Memoir of War


In Nazi-occupied Paris, the young writer Marguerite Duras strikes up a delicate, high stakes entanglement with a Vichy collaborator named Rabier, who promises preferential treatment for her imprisoned husband in exchange for her attention and collaboration. As the drumbeat of arrests of Jews and political dissidents carries on, the celebrated experimental author is wracked with fear for her husband and for the circle of friends and anti-Nazi activists whose identities Rabier pressures her to reveal. Based on The War: A Memoir, Duras’s autobiographical memoir, and directed by Emmanuel Finkiel (Voyages, SFJFF 2000) the action is driven by Marguerite’s love for her husband, but complicated by the sadomasochistic undertones of her meetings with Rabier.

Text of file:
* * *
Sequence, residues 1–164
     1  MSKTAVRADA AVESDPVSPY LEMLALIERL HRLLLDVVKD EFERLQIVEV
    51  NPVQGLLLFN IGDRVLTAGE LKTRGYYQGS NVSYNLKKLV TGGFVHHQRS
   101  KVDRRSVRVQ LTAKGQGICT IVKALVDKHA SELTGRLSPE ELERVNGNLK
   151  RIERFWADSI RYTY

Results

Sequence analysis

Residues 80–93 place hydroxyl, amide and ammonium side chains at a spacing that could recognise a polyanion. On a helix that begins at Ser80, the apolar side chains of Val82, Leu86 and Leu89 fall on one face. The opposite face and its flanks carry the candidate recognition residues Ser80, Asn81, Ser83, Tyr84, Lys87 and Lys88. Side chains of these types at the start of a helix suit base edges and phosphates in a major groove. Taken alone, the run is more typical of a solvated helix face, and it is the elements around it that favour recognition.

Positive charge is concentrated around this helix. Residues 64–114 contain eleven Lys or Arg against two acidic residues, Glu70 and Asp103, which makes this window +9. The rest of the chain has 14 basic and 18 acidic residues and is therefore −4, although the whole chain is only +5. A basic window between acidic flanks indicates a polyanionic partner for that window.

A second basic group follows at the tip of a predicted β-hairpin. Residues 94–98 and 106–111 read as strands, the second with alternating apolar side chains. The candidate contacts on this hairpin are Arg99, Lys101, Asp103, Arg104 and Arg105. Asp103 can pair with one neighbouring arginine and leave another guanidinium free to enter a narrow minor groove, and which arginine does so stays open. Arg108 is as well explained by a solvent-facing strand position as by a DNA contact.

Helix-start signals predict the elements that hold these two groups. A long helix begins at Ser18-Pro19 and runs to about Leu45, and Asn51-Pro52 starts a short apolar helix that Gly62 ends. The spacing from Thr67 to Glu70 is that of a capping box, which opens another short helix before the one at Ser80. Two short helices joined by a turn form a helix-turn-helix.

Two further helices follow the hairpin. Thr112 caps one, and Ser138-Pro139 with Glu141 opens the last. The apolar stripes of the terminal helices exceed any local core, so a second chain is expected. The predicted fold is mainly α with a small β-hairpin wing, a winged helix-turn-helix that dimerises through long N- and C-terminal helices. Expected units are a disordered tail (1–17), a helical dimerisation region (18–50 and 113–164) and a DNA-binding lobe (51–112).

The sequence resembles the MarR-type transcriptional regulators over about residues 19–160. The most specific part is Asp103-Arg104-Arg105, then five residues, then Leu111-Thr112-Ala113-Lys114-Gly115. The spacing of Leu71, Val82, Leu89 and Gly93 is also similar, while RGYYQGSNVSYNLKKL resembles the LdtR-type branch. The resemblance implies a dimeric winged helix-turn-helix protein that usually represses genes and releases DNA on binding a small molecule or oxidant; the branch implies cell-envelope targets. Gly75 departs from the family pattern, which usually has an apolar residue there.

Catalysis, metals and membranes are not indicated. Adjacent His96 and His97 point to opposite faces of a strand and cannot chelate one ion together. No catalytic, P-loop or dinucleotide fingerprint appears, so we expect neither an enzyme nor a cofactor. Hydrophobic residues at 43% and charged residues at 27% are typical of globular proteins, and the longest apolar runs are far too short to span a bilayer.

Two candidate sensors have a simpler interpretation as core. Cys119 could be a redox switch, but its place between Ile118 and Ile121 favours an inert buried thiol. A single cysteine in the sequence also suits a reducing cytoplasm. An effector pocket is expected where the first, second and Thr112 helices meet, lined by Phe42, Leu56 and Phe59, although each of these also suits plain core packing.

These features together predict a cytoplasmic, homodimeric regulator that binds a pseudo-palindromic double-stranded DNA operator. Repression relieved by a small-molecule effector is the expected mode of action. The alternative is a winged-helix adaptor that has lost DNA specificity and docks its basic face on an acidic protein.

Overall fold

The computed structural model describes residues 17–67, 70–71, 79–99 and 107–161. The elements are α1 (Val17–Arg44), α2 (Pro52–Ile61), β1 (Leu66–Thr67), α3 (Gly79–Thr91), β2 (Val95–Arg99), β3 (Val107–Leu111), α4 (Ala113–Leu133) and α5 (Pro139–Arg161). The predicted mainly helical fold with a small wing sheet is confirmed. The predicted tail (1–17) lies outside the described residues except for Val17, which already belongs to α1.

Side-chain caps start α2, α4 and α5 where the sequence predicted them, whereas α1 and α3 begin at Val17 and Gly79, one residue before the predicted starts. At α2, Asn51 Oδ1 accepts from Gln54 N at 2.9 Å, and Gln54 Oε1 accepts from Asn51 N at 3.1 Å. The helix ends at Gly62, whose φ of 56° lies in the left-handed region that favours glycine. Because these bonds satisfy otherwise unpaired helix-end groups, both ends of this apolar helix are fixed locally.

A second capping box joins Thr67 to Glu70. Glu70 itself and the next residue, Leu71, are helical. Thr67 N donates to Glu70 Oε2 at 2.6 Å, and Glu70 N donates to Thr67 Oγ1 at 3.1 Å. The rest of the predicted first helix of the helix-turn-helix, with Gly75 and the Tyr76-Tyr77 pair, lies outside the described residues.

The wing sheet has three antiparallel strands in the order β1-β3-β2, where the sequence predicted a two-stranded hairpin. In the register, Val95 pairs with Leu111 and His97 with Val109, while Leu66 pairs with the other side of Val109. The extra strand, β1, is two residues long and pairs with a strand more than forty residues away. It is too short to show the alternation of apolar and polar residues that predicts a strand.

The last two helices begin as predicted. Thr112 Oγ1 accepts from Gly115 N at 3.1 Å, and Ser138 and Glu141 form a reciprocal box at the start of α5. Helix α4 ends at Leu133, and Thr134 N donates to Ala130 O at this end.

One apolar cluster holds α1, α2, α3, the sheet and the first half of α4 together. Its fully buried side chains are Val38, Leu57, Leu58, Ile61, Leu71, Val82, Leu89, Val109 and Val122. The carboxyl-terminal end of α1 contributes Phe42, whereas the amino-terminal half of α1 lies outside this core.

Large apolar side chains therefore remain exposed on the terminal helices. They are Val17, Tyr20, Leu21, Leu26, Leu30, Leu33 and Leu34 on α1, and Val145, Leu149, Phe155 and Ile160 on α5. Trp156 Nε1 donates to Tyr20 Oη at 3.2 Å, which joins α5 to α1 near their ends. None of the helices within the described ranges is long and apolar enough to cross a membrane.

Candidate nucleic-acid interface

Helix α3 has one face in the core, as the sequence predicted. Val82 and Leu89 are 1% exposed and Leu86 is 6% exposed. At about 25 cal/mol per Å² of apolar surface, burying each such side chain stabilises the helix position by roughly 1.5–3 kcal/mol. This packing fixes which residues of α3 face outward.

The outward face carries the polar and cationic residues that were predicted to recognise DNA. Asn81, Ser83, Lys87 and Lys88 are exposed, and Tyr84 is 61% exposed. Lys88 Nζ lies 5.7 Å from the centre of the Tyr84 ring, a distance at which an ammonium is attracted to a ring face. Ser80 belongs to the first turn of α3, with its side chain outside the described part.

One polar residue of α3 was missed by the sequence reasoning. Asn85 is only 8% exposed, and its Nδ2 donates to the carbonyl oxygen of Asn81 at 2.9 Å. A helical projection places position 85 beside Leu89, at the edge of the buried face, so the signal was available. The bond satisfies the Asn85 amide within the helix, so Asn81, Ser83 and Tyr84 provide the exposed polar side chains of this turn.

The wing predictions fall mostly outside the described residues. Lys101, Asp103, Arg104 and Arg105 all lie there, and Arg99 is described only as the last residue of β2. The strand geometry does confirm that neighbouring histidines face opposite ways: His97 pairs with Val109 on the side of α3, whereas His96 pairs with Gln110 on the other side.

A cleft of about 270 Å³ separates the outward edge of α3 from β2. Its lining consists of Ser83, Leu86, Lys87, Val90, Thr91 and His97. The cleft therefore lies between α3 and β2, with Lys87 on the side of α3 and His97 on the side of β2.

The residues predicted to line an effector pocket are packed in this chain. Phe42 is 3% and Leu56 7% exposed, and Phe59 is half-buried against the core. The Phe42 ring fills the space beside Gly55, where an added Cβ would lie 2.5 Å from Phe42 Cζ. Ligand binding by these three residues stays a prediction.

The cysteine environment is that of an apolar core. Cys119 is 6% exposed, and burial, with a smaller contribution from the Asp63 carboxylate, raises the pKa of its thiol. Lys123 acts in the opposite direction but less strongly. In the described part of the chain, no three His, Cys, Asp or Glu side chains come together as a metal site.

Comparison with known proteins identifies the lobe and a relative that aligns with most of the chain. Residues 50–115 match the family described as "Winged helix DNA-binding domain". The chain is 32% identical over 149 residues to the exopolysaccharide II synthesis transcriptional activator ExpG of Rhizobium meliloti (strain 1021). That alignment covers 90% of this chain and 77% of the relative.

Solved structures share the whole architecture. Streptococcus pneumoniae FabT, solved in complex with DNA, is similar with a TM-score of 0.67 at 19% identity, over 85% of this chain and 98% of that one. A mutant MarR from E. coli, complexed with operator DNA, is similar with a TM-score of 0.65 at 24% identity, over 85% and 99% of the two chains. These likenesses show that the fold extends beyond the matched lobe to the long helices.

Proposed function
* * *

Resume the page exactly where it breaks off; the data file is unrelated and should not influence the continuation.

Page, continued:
Simply called La Douleur (pain) in French, the film is rife with the tension of grievances not uttered and desires not named. As the war rages on, the mysteries pile up: Will her husband be deported? Will Marguerite betray her friends? What does Rabier really want from her, and will she give it to him? The film’s literary, impressionistic style lifts the film beyond the specificity of 1944 into the realm of the timeless. Both a story of war and a story of yearning, Memoir of War instills an oft-depicted era with a sense of thoughtfulness that infuses both her yearning and her political critique. —Ilana Sichel

After working as an assistant director for Bertrand Tavernier, Krzysztof Kieslowski and Jean-Luc Godard, Emmanuel Finkiel now makes his own movies, including Madame Jacques on the Croisette (1997), Voyages (1999) and Casting (2002). 

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